In case you were wondering if God is still working through the United Methodist Church and specifically through the giving that goes to the Annual Conference, after today, my answer is yes. Without a doubt. I wish that all of our churches could have been there to see the places where their resources are being put to good use. I also hope for a day when more resources will be available for our ministries with students. God is doing amazing things and providing all kinds of opportunities. We're just trying to catch up.
We have been knitting again. The "we" is growing which makes it great fun. My friend Gwen continues to amaze me with her skills at both teaching and knitting. She makes sure I learn something each time. (I have a lot to learn). There have been two completed projects among those of us who are learning- an eyeglass case and a dishcloth. Finishing is a good moment, but we are left to examine our work and see all of the bumps and lumps where are learning is taking place. Striving for perfection seems to be part of the knitting practice.
It's also part of our conversation as our words meander into this and that. We spoke about grace and how the life of faith seems to be one of continual learning and working out the lumps. A student remarked a month ago that we are never done seeking and growing when it comes to living faithfully. The Methodists call it "going on to perfection" and like knitting its more fun when we go together.
This is one of our Wesley House students after 36 hours of no sleep. Literally. And after that drink I'm not sure he could sleep if he wanted to. He's a hardworker (and fun to be around even when lacking sleep). Many students are. This is the season of exam after paper after exam after paper... you get the idea.
In the midst of all the sleepless nights and stressful days it can be difficult to make space and remember that "Who you are becoming is more important than what you are accomplishing." I have this on my fridge and hope someday to have learned this lesson well enough to pass it on to others. For now, it stays put where I see it every day.
At the Merced College Bible Study the students have chosen the book of Ecclesiastes to guide us. This Biblical voice adds a very different perspective to the conversation. "Then I considered all that my hands had done and the toil I had spent doing it, and again, all was vanity and chasing after the wind, and there was nothing to be gained under the sun." (Ecc. 2:11) and we continue our search for meaning and meaningful work.
Yesterday my friend, Gwen of Knitability, came to the UC campus with me to knit. It was a really good thing that she was there since I picked up my project that had been sitting for over a year and realized I had no idea where I had filed my ability to knit in my brain. Apparently it was waaaay in the back behind many other distant memories because I couldn't even figure out how to hold my needles. Yeah, it was that bad. But, Gwen came to my rescue and as soon as I was set up it all came back quickly. Gwen explained that my muscles would remember how to do this even when my brain seems to have forgotten.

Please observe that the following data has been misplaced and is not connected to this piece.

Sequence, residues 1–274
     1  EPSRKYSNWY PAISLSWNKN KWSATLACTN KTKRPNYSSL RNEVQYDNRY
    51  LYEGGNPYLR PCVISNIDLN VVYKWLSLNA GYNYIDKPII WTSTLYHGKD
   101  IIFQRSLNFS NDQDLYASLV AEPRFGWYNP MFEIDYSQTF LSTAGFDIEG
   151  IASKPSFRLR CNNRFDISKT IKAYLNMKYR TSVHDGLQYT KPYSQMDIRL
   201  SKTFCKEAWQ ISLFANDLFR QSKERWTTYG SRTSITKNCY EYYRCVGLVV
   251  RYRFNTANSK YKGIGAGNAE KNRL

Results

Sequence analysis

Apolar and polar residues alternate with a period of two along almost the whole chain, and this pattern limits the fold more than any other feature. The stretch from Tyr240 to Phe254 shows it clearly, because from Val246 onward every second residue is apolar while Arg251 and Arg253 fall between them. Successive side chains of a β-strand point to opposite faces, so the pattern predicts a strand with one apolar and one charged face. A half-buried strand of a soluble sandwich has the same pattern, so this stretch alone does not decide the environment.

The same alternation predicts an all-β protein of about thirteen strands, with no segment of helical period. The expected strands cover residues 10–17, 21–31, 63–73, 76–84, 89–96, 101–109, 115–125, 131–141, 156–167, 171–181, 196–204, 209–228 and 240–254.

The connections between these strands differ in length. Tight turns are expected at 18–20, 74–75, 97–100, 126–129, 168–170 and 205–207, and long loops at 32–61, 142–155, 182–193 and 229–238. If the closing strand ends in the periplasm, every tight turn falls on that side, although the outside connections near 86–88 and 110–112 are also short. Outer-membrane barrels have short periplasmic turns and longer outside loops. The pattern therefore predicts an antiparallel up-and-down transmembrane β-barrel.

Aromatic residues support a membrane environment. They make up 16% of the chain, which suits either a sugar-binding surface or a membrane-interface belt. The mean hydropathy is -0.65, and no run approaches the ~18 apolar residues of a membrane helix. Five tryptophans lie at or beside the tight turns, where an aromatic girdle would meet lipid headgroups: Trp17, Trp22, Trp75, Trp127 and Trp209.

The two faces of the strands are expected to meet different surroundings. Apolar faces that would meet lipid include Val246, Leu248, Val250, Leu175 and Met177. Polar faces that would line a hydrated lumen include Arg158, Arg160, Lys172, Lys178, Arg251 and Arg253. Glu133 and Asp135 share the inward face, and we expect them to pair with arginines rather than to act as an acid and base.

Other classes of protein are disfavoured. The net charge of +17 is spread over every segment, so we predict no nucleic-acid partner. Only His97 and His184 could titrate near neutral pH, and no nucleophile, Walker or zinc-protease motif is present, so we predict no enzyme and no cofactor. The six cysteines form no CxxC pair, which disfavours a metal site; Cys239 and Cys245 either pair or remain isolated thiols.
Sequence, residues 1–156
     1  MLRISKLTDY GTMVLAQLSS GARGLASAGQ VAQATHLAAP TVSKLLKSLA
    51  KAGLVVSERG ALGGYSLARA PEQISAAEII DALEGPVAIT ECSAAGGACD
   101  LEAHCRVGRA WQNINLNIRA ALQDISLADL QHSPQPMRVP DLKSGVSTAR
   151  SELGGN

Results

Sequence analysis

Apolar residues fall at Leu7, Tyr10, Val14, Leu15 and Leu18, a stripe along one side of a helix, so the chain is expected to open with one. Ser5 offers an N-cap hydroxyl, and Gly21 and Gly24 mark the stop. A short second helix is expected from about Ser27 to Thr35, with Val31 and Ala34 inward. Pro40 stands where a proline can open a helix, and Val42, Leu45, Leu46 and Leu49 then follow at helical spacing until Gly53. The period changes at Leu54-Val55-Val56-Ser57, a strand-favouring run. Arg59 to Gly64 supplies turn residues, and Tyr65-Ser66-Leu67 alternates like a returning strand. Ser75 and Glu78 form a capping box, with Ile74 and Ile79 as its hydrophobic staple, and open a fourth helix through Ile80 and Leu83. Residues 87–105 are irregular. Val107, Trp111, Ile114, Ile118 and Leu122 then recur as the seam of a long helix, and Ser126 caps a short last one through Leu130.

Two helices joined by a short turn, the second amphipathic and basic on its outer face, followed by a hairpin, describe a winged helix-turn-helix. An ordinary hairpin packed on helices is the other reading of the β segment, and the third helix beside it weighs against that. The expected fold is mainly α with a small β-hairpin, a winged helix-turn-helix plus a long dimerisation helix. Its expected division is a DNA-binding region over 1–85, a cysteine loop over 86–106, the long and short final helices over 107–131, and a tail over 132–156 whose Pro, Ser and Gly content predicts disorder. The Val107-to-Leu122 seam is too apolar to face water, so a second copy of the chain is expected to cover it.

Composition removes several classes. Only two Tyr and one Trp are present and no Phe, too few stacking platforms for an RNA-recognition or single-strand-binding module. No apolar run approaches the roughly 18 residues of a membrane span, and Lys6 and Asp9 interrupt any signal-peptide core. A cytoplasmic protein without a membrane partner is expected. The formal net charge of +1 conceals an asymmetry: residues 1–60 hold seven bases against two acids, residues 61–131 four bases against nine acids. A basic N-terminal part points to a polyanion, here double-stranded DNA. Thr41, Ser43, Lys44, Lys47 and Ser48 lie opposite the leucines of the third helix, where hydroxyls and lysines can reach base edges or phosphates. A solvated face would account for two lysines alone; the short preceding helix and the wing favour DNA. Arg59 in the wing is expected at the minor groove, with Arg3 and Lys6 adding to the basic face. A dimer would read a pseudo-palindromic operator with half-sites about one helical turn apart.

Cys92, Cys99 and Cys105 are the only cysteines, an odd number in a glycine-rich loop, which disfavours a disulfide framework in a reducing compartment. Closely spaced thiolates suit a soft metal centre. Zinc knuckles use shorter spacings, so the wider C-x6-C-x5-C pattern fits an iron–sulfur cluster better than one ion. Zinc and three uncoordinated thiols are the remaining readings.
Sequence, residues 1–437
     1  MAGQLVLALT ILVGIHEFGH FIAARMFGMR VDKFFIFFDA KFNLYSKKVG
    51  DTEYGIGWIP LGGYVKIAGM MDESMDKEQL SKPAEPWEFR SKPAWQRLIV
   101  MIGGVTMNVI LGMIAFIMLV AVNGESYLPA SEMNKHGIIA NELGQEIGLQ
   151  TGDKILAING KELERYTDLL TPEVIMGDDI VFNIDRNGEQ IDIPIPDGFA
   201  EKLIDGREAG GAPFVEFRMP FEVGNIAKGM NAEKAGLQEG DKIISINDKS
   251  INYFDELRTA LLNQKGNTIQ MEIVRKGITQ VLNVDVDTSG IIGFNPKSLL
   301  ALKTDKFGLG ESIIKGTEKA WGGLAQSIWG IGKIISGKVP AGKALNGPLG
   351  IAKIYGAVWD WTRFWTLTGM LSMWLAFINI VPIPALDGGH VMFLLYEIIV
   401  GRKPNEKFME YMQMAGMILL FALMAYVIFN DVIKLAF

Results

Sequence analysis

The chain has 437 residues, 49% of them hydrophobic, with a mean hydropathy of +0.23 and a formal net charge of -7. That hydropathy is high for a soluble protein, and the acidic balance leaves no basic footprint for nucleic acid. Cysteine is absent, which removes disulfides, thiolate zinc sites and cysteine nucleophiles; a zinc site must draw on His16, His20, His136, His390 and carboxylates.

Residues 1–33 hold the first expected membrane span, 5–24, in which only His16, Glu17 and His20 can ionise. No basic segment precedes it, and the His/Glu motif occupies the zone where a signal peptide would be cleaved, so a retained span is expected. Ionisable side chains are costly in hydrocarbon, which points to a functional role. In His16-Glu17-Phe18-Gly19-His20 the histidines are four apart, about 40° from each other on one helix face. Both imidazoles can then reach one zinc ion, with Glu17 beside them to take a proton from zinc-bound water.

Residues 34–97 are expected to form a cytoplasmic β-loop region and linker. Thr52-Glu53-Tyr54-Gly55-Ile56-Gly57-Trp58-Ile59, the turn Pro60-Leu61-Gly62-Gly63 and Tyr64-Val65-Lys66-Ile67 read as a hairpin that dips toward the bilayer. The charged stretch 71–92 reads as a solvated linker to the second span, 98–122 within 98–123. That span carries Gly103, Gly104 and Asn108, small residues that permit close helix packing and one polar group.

She's willing to help you out with learning to knit for the first time or getting your muscles back into the habit as well. Interested? Leave a comment or send me an email and I'll alert you when we'll be back at the Lantern. I even have some yarn and needles to lend out as you get started. As for me, I'll be picking up an easier project for these sessions (I'm thinking a prayer shawl- basically a very large rectangle) so I can use more muscle memory and the brain power can go towards prayers for the shawl recipient- or for you. If you stop by with a prayer request when we're there you can take home a gift of a prayer shawl of your own.
Last week I wrote about the practice of Holy Conversation that we hope for each year at Annual Conference. Today, I'm reporting back.
One "conversation" has stuck in my head. It began in a session where we were voting on resolutions to send on to the larger church so that our denomination might support something that we value as United Methodists. In this case, it was about food and farming.
The conversation started around a small table of dedicated folks called "Board of Church and Society." With seven or so hard working people around that table they did their best to put a proposal together to stand up for small farms, food safety, children's health, and creation in light of the Farm Bill that will be looked at again by the US government.
However, around that first table, voices were missing. Particularly, the voices of the farmers.
At first, the response to this was anger from many of the farmers in our midst. But as I watched and listened, anger shifted to claiming a responsibility to make it better. One farmer spent hours of time to add to the first voices in order to get a better result. The document was changed detail by detail in order to reach a better solution.
The reason this conversation has stuck with me is because Wesley students are entering a similar one and finding inspiration from the cooperation between farmers and environmentalists in opposing new coal plants in Texas. The film "Fighting Goliath" that portrays this advocacy work will be shown by Wesley Club on the UC Campus this fall.
Maybe this is the conversation that God will use to make a difference in the Central Valley. Maybe we will have a better result for all that we value- humans and beasts alike.